Welcome! My name is Nathan (Nate) Hooven and I’m a wildlife ecologist. I earned my BS in zoology (specializing in wildlife biology and conservation) from Southern Illinois University, Carbondale in 2018, and my MS in forest and natural resource sciences from the University of Kentucky, where my research focused on habitat selection and reproductive rates of female wapiti (elk) in southeastern Kentucky. So far in my career I’ve been fortunate to work across the United States, aiding conservation, management, and research programs across a wide variety of wildlife taxa.

My primary interests are in the spatial ecology of mammals, especially herbivores. I seek to understand how animals interact with their environments across space and time, with a strong focus on applying this information directly to habitat management. Most of my work couples tracking data from animal-borne devices with remotely sensed environmental datasets to model patterns of animal movement and habitat selection in a variety of landscapes. I am particularly interested in developing models of habitat quality to gain a more complete picture of the ecological factors influencing the space use, survival, and reproduction of herbivorous mammal species.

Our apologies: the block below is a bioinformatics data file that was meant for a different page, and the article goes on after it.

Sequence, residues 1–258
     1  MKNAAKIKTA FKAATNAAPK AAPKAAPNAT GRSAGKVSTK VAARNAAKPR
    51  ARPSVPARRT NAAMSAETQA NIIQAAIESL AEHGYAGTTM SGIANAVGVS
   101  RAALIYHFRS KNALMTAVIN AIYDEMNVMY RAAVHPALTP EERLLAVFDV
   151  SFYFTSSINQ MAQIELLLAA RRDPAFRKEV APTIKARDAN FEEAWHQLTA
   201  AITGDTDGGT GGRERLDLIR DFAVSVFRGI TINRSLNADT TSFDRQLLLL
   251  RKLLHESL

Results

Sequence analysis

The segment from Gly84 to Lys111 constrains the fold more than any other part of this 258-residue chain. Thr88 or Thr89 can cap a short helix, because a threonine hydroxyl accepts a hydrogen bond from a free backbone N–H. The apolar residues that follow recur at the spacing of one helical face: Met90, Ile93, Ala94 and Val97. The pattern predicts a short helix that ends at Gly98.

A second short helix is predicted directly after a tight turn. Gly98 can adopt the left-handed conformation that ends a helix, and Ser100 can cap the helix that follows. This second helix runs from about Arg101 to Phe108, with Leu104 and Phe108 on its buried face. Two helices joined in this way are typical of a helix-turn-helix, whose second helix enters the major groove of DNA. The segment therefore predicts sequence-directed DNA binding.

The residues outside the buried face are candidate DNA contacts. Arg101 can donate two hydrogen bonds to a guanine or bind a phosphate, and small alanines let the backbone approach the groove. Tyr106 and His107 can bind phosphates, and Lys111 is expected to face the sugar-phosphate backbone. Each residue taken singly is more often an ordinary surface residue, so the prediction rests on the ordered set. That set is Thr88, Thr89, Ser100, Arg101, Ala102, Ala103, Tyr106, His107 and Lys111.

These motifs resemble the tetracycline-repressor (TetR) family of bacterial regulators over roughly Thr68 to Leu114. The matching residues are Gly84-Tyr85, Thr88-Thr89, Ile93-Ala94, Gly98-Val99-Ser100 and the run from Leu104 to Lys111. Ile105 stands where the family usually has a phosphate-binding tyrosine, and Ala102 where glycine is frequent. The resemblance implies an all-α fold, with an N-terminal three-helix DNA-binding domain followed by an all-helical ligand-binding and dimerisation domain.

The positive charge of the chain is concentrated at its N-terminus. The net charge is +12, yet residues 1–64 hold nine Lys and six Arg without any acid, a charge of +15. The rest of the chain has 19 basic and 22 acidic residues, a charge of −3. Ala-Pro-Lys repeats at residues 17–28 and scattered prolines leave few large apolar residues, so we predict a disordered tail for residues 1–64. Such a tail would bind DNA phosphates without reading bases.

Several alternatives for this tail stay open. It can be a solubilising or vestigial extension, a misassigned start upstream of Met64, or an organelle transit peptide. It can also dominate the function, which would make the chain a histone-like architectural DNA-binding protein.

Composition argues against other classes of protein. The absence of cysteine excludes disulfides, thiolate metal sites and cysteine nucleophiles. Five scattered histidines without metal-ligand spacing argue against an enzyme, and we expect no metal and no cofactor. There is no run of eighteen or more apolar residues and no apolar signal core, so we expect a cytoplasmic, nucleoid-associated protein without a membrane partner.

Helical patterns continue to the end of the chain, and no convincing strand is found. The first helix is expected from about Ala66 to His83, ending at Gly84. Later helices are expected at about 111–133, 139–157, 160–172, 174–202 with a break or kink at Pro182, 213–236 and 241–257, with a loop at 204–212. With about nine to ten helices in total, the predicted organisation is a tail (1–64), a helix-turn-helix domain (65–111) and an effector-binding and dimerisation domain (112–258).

Currently, I am a PhD student with Dr. Dan Thornton's Mammal Spatial Ecology and Conservation Lab in the School of the Environment at Washington State University (Pullman, WA). For my dissertation research, I'm studying the effects of pre-commercial thinning on snowshoe hare ecology in the Loomis State Forest in north-central Washington. Feel free to contact me via email or one of the sites listed below with any questions or inquiries. Thanks for visiting!

Nathan D. Hooven, MS (he/him)

PhD Student, Environmental and Natural Resource Sciences

Mammal Spatial Ecology and Conservation Lab

School of the Environment

Washington State University, Pullman, WA

nathan.hooven@wsu.edu / nathan.d.hooven@gmail.com